Center for Art,
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Exhibition Cover
Ligia Lewis, A Plot A Scandal, 2023 (still)

Blackness, Folded Figures, and Radical Choreography

February 2024
Che Gossett

If, for Locke, personhood is defined by propriety over a self, Lewis is more interested in flesh as a shared substrate, following Hortense Spillers’s distinction between the body and flesh.

How to choreograph “critical fabulation,”1 an “Afro-fabulation,”2 one that resists the imposed modes of personhood and evades the scripted sense of possession that Lewis references and dramatizes in her film on John Locke, A Plot A Scandal (2023)? If, for Locke, personhood is defined by propriety over a self, Lewis is more interested in flesh as a shared substrate, following Hortense Spillers’s distinction between the body and flesh. Flesh, as Spillers writes, is that which is discarded, torn apart, thrown overboard, fungible, and disposable.3 Flesh is what a body isn’t supposed to be, rather, it designates what it is meant to overcome—as Denise Ferreira da Silva has shown, how blackness is linked to affectability. What then of blackness and embodiment? How does blackness move us past this body/flesh distinction by showing how they are dependent upon one another? The sovereign body requires disposable flesh—not so much the sovereign’s two-body problem, but rather a sovereign body and unsovereign flesh. The radicality of blackness, then, is also phenomenological. Blackness collapses the distinction between body/flesh, it cuts through the double bind, because post-“emancipation,” Black bodies symbolize flesh—in the sense of what Spillers terms a social hieroglyphics. The interplay between body and flesh and the rejection of the terms of both versions of false captivity—the illusion of ownership of a body on the one hand, and the violent fiction that life can be reducible to mere flesh on the other—is where Ligia Lewis moves. A critical choreography, she and Corey Scott-Gilbert and Mame Diarra Speis aren’t so much thinking about these terms as inhabiting them: a live wire.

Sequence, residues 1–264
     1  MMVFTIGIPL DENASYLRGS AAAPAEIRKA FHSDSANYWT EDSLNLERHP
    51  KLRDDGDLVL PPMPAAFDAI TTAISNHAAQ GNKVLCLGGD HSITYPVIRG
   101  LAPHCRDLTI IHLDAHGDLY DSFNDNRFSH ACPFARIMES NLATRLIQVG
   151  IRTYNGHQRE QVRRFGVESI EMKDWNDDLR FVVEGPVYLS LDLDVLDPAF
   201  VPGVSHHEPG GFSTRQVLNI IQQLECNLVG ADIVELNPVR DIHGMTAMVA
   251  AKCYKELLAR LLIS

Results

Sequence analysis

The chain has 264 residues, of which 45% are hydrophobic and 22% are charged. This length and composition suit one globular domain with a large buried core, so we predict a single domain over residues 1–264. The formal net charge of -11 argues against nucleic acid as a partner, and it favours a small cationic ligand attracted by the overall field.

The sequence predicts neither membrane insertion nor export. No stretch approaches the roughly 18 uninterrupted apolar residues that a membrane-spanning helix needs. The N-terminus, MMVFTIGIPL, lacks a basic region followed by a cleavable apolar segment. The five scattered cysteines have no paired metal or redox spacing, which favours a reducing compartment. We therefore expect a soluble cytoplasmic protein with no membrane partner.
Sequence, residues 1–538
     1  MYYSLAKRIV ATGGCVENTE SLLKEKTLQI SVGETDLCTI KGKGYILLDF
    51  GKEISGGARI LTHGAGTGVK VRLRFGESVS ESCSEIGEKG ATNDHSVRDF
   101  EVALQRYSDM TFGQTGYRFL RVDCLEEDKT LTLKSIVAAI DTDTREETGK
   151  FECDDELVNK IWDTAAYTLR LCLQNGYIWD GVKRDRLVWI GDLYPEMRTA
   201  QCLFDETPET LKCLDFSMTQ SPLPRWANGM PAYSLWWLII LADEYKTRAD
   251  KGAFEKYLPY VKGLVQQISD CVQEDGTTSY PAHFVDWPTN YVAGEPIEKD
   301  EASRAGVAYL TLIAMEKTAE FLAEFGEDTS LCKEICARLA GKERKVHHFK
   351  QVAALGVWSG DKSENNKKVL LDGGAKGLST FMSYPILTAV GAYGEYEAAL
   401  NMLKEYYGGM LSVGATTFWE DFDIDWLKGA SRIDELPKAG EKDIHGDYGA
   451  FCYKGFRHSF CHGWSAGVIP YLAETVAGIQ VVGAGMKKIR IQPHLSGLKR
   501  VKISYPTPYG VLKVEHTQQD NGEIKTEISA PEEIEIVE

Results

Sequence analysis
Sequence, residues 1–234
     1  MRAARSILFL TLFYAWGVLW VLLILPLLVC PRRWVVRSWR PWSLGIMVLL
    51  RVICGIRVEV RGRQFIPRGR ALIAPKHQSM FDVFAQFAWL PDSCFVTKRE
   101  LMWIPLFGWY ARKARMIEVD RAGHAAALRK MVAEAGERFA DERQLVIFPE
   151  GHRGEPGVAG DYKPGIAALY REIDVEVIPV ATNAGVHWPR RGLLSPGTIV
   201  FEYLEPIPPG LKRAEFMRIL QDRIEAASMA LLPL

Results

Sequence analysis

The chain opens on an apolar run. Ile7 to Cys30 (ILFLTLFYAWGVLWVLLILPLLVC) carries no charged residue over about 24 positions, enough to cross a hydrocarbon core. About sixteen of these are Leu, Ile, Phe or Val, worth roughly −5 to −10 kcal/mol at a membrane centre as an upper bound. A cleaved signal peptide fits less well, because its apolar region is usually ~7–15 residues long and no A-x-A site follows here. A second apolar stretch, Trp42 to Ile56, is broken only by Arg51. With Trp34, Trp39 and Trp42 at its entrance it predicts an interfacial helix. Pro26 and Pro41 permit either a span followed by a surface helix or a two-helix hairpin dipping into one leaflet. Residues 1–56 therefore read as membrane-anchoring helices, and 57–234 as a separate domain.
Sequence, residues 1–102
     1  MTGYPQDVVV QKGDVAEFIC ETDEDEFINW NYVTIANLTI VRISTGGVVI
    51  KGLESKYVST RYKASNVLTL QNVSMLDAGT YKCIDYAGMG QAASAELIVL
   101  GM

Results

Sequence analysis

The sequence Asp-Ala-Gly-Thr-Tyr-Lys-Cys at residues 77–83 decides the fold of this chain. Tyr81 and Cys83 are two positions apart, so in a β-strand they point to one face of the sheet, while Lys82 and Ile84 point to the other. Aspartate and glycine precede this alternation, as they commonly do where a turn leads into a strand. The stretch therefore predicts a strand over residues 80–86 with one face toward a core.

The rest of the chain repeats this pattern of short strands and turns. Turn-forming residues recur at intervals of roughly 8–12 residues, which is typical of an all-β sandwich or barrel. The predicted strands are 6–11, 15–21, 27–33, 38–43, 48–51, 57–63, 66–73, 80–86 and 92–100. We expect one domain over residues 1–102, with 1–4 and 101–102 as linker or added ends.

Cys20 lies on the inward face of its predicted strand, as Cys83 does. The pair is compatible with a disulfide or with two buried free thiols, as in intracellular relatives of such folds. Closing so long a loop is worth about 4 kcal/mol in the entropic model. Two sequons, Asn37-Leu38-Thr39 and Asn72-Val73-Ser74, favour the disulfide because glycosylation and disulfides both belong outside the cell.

“Not done yet” repeats, as does a litany (of survival, to invoke Audre Lorde) about the demands of racial representation being tethered to death. This is not the only provocation, however, and it is not primarily speech that provokes and incites in the choreography. In the work, speech is depersonalized—like a ghost or an echo of the ancestral, and is enunciated not from an individual subject, but rather as a chorus. The dancers also provoke the audience, not antagonistically, but rather through a kind of overspill and undermining of the separation between performer and spectator. This is not an antiseptic performance; the dancers invade the space of the audience (with hands, body, feet), breaching the line of witnesses sitting on the bleacher benches that form a perimeter for the floor/stage. You are not separate from the performance, or the questions that it raises; they not only haunt but also confront the spectator. We are co-implicated in the sense of implicancy’s etymology: folded together. The dancers fold together. A body is folded onto another, they lock and become a centipede-like formation, moving in an undulating, accordion-like wave at one moment, then diffusing and becoming disparate while still, almost telepathically, connected. The body-mind(s) splits, but are never fully individuated—rather there is a shared uncanny flesh, with dancers at different positions along the wall twitching, spasming, jerking as though orchestrated through a kind of electric circuit and unseen force. While steady now study is a critique of the subject as a form of racial and colonial capture, with its attendant carceral metaphysics, the choreography embodies that critique as the group forms a fleshy meshwork, wherein there is—as Denise Ferreira da Silva terms it—shared “difference without separability.”4

Saidiya Hartman, “Venus in Two Acts,” Small Axe: A Caribbean Journal of Criticism 12, no. 2 (June 2008): 11.
2 Tavia Nyong'o, Afro-Fabulations: The Queer Drama of Black Life (New York: New York University Press, 2018).
3 Hortense J. Spillers, “Mama's Baby, Papa's Maybe: An American Grammar Book,” in The Transgender Studies Reader Remix, ed. Susan Stryker and Dylan McCarty Blackstron (New York: Routledge, 2022), 67.
4 Denise Ferreira da Silva, “On Difference without Separability,” in 32nd Bienale de São Paulo: Incerteza Viva (São Paulo: São Paulo Bienale, 2016), 57–65.

Che Gossett is the associate director of the Center for Research in Feminist, Queer, and Transgender Studies at the University of Pennsylvania. Che co-edited a special issue of Transgender Studies Quarterly, "Trans in a Time of HIV/AIDS," with Professor Eva Hayward in 2020, and their 2022 syllabus on trans and non-binary methods for art and art history co-authored with Professor David Getsy won the College Art Journal Award for Distinction. They are also a postdoctoral scholar at Columbia Law School, and a visiting fellow at the Animal Law and Policy Program at Harvard Law School.

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